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Meet The First-Time GRAMMY Nominee: Ranky Tanky On The Lasting Influence Of Gullah Music And Being Global Genre Ambassadors

Ranky Tanky

Photo: Peter Frank Edwards

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Meet The First-Time GRAMMY Nominee: Ranky Tanky On The Lasting Influence Of Gullah Music And Being Global Genre Ambassadors

The South Carolina quintet is making GRAMMY history and bringing the genre to the international mainstage at this year's awards

GRAMMYs/Jan 22, 2020 - 07:00 pm

Over the past three years, Gullah music, a centuries-old sound from the South Carolina Lowcountry region, has entered the mainstream. That's largely thanks to Ranky Tanky, an effervescent quintet hailing from Charleston, S.C., who've become global ambassadors of Gullah music and culture. 

For those unfamiliar, Gullah music is part of a wider culture rooted in the Lowcountry along the South Carolina coast. The Gullah people, meanwhile, are a tight-knit local community and descendants of slaves from the coasts of Georgia and South Carolina. Through art and music, they’ve preserved and honored West African traditions and culture for generations.

Ranky Tanky first brought Gullah to the spotlight with their 2017 self-titled debut album, which topped the Billboard Jazz Albums chart in 2018. The album is composed of covers and arrangements of Gullah folk songs and classics. 

For their 2019 follow-up, Good Time, Ranky Tanky broke the mold. Released last July, Good Time features Gullah standards and, for the first time ever, brand-new original compositions, which are informed by the Gullah tradition yet modernized through Ranky Tanky's contemporary lens.

The approach paid off: In 2020, Ranky Tanky are nominated for Best Regional Roots Music Album for Good Time. With the nod, the group and release are also making GRAMMY history as the first-ever album of Gullah music to receive a nomination, now bringing the genre to the international mainstage.

For founding member Charlton Singleton, the group's trumpeter/singer, Ranky Tanky's nomination is a massive honor for both the band and the wider Gullah community.

"We’ve been very fortunate and blessed to have the support of the Gullah community," he tells The Recording Academy. "Gullah is something that everybody is all in on… So any sort of celebration that can take place is something that everybody is just all in for."

Ahead of Ranky Tanky's big night at the 2020 GRAMMYs, The Recording Academy caught up with Singleton to discuss the lasting influence of Gullah music and the group's newfound role as global ambassadors for the genre.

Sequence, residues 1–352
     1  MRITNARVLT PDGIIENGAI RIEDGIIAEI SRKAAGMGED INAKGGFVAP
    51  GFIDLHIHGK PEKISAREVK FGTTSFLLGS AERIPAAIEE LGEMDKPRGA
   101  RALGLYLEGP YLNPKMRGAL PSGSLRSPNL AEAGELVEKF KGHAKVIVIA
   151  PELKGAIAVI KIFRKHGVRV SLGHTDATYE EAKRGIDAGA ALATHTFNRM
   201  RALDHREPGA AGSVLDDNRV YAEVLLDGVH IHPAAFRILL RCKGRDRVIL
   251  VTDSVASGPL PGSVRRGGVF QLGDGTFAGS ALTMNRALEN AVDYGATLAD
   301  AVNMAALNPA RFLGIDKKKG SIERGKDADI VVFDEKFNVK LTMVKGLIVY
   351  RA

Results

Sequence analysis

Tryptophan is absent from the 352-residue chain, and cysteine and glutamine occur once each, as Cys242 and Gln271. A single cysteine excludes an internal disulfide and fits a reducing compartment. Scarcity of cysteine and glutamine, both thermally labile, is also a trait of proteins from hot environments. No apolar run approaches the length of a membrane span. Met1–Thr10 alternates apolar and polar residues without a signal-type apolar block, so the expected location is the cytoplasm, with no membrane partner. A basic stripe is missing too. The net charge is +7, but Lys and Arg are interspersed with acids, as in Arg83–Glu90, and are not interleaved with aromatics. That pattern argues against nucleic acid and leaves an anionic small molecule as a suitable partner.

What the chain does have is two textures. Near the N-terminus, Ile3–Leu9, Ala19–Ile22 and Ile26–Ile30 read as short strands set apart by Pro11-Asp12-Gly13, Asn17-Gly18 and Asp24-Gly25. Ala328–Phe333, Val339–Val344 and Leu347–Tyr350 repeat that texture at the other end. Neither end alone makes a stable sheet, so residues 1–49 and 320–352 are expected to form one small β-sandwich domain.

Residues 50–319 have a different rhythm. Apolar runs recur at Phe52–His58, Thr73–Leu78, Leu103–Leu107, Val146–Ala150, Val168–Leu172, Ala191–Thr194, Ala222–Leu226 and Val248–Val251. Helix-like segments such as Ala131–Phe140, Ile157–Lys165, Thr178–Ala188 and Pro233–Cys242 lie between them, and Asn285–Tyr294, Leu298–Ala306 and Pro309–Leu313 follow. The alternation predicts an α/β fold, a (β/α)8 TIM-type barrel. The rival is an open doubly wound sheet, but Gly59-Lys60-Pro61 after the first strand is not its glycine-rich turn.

What was your reaction when you first heard Ranky Tanky were nominated for a GRAMMY?

Oh, it was just sheer joy. It's something that I think every artist appreciates and wants to be recognized for their contribution in the music world and with the highest honor that there is: a GRAMMY. I jumped on my bed for a little while and yelled. There was nobody else at the house at that particular time, so I kind of ran through the house a little bit, just yelling and screaming. But it was an amazing thing to see it posted right there on the screen, saying that we were in this final group of talented artists and other great recordings. It was a great, great moment.

There seems to be a rise in awareness and listenership of Gullah, largely thanks to Ranky Tanky. But at the same time, this is likely the first time a lot of people are learning about the genre, through your GRAMMY nomination and through your various accomplishments. How do you describe the Gullah sound and its associated community and culture to first-timers?

When we're on stage, I have these moments where I start talking with the audience in between a song, and I tell them about certain things that they have either seen or heard of in their lifetime that are uniquely Gullah… Then I usually graduate into things that people would know. For example, have you ever sung "Kumbaya" before?

Of course.

"Kumbaya" is a Gullah song—uniquely Gullah. I know there's [probably] not a whole lot of people on the face of the Earth that have not come across "Kumbaya." And as a matter of fact, sometime last year, it was finally recognized as being a song composed uniquely from the Gullah community.